Latina Nominees Break New Ground

Most of the Latinx nominees for the night consisted of “Roma”‘s cast and crew, including Mexican actress Marina de Tavira for Best Supporting Actress, Yalitza Aparicio for Best Leading Actress, producer Gabriela Rodriguez for Best Picture, and set decorator Barbra Enriquez for Achievement in set design.

Yalitza Aparicio’s nomination, especially, was notable, as it was the first time in the Academy’s 90-year history that an Indigenous woman was nominated for Best Actress in a Lead Role.

Although these Latinas didn’t walk away with a gold statue, their presence alone was encouraging enough for the historically under-represented Latinx community.

“It’s possible to speak Spanish at the Oscars now”

The winners and nominees weren’t the only Latinos making a splash at this year’s Academy Awards, however. Oscar-winning Spanish actor Javier Bardem veered into political territory when he presented the award for Best Foreign Language film.

In Spanish, he stated: “There are no borders or walls that can restrain ingenuity and talent,” which many interpreted as a dig aimed at President Trump.

Actor Diego Luna began his introduction of “Roma” by stating, in Spanish:
“Ya se puede hablar español en los Oscars. Ya nos abrieron la puerta y no nos vamos a ir”. Translation: “It’s possible to speak Spanish at the Oscars now. They finally opened the door for us, and we’re not going anywhere.”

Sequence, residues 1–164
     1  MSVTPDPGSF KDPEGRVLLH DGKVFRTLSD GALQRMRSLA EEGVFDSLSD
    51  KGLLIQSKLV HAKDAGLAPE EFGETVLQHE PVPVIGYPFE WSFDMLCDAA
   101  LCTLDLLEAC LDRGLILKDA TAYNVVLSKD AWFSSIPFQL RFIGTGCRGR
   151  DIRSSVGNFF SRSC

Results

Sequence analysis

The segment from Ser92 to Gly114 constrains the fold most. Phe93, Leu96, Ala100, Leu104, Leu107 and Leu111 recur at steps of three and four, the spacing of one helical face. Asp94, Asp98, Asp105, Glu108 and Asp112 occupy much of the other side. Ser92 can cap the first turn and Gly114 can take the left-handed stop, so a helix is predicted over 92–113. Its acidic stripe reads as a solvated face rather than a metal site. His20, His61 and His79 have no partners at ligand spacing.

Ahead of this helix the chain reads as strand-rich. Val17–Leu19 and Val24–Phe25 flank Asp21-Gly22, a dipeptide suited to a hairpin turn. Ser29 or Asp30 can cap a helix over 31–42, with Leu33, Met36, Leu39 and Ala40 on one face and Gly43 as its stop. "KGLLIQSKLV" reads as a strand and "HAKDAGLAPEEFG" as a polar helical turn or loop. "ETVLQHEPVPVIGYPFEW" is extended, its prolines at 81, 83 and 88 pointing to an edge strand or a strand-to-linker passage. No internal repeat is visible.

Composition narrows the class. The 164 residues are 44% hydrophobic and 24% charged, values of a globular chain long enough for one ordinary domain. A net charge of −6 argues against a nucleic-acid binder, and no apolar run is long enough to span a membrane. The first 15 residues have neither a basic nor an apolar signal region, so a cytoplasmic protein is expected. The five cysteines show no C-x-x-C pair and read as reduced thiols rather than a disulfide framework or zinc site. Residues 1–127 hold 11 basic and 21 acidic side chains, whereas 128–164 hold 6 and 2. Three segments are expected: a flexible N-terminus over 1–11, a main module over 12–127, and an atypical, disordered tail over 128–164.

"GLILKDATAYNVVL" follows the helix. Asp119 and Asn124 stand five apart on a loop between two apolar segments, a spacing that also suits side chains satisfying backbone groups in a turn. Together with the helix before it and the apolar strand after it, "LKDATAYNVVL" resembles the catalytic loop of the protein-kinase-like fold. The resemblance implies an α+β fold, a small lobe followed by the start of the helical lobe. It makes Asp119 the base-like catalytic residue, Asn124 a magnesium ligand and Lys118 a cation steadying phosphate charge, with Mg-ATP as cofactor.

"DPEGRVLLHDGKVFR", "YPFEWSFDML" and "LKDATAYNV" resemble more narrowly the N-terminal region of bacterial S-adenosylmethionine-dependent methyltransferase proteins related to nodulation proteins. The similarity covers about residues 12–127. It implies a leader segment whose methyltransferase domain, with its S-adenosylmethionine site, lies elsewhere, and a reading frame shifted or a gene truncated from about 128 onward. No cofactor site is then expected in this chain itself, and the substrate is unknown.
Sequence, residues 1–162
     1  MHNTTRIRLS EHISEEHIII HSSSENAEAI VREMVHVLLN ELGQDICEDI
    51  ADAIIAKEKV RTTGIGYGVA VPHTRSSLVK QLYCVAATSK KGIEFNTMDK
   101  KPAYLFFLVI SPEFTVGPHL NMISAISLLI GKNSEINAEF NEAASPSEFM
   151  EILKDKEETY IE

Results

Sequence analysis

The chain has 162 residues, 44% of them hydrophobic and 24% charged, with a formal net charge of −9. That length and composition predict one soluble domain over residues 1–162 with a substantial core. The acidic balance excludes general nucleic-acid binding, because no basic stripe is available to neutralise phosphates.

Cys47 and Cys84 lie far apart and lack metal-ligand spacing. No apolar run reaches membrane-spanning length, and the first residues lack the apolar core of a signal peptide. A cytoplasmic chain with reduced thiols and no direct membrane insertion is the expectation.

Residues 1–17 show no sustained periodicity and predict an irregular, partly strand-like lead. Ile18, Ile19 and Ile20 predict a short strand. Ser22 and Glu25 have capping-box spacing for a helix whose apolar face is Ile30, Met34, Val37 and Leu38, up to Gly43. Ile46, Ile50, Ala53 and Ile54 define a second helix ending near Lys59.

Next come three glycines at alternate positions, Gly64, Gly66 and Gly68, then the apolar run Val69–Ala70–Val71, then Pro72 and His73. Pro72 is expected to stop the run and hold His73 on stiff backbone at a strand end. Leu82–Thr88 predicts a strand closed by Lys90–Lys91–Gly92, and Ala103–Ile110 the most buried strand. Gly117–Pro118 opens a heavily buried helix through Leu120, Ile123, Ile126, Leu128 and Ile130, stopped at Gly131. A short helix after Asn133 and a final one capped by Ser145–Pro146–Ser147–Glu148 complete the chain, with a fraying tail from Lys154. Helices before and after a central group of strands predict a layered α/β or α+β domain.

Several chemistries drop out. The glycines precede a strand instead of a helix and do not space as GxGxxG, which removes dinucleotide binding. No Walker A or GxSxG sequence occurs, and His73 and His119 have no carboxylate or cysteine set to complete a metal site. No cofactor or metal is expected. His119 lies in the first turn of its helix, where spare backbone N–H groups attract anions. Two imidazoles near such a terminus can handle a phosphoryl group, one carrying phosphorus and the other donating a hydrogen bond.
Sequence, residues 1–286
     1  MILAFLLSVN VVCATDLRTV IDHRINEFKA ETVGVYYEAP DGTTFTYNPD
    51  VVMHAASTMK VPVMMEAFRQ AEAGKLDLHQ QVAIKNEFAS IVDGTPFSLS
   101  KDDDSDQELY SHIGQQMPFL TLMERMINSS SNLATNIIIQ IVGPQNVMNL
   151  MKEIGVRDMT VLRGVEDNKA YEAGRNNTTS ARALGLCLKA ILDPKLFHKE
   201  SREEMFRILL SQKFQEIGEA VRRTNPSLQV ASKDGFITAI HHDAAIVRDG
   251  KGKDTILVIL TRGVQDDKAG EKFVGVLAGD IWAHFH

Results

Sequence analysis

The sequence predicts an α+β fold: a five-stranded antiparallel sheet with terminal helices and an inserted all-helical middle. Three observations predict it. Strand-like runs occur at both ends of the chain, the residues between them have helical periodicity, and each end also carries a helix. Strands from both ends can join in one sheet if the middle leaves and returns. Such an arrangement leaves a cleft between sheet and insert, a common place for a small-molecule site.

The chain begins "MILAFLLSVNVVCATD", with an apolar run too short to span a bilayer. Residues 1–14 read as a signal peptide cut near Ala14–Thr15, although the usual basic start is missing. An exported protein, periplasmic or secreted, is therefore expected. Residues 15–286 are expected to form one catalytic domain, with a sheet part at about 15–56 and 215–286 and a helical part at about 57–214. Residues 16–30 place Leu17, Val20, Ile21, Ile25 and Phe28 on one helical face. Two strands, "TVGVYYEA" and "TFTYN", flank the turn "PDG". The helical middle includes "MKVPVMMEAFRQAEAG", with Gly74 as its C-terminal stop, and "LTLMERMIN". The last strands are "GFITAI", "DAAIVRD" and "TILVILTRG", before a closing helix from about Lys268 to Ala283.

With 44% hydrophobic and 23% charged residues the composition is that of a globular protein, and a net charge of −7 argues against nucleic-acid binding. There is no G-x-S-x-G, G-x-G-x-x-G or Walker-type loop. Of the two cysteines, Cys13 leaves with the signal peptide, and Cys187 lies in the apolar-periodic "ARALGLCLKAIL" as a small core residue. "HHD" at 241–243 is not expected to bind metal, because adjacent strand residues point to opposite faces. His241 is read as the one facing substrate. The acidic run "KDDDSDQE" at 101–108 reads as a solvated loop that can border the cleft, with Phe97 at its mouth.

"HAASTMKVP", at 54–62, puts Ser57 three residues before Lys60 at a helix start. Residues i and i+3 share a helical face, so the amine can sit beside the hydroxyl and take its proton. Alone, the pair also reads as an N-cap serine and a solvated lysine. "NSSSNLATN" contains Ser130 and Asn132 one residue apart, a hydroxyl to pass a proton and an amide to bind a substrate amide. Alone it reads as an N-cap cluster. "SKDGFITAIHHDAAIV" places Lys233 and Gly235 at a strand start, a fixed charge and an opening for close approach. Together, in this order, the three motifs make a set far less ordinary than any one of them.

Spanish-American Chef José Andrés joined Luna in introducing “Roma”and praised the film for shining a spotlight on “all the invisible people in our lives–immigrants and women–who move humanity forward”.

As usual, Latina Twitter users had a lot to say about Hollywood’s biggest night.

Never one to beat around the bush, political commentator Ana Navarro remarked on the refreshing amount of diversity displayed onstage this year.

Other Latinas gave Alfonso Cuarón props for acknowledging domestic workers, a class of women that Hollywood often ignores:

Nuanced stories centered on domestic workers are few and far between in Hollywood.

This Latina expressed excitement at the novelty of a film featuring an Afro-Latino characters winning Best Animated Film:

Just the phrase “#WeSeeYou” says all that needs to be said about the importance of representation.

Some Latinas expressed disappointment that “Roma” was relegated to the “Foreign Film” category when its story transcended such labels:

Some members of the Latinx community were frustrated that “Roma” wasn’t awarded the Best Picture award.

Many Latinas were here for Javier Bardem condemning border walls:

He was one of the few actors of the night who dared to make a political statement–and in Spanish, no less!

And of course, Yalitza made us all fall in love with her more when she brought her mom.

The Mexican actress didn’t take home an Oscar last night, but there’s no doubting that her presence in Hollywood has changed the future of its landscape. Last night Mexican-American fans of the newcomer gushed about Aparicio’s role in bucking the light-skinned Latina stereotype that has so long been favored in Spanish-language films and TV shows.

Also, her appearance at the Oscars couldn’t have been more defining. After spending awards season turning heads in a series of dresses by Alberta Ferretti, Miu Miu and Prada, Aparicio took to the red carpet a pale tulle custom Rodarte gown designed specifically for her, the actress stepped out onto the red carpet with her mother at her side.

And finally, Latinas everywhere expressed their joy at hearing Spanish proudly spoken at the Oscars

The importance of normalizing Spanish’s presence in day to day life cannot be overstated–especially during a time when many Latinas are afraid to speak Spanish in public.

As usual, the Oscars were a night to remember. We hope that the Academy continues to support actors, producers and filmmakers of Latinx descent into the future.